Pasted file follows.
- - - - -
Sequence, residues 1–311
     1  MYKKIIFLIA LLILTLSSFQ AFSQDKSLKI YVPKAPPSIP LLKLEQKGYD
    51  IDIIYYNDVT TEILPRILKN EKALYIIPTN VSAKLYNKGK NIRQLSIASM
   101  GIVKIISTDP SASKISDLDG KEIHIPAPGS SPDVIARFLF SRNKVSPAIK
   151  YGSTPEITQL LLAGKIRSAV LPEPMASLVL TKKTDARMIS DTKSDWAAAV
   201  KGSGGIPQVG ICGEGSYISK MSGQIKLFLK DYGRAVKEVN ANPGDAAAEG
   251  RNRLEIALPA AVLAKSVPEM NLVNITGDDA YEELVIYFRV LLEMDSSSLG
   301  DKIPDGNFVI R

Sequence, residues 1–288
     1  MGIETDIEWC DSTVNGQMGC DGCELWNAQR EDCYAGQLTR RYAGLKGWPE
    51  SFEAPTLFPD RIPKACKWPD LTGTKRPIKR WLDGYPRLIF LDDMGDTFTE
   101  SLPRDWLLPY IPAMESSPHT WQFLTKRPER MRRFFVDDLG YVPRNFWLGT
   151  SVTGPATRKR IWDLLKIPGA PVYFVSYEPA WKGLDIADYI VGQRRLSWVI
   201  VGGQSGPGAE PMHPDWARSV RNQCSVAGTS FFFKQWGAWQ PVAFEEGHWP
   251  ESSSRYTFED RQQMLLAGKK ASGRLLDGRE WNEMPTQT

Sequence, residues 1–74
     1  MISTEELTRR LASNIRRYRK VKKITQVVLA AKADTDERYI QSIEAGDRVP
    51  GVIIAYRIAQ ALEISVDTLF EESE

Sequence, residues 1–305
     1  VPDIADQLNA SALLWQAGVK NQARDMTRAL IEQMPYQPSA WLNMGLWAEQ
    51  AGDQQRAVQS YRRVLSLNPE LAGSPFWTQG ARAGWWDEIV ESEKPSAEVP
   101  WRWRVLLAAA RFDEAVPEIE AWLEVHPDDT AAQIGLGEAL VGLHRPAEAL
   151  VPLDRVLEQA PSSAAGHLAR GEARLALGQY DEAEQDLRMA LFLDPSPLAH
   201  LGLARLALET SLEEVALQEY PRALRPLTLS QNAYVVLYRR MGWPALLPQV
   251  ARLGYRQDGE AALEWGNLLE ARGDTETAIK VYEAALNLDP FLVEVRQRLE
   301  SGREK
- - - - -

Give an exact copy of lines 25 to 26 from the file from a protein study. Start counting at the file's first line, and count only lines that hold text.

   251  ARLGYRQDGE AALEWGNLLE ARGDTETAIK VYEAALNLDP FLVEVRQRLE
   301  SGREK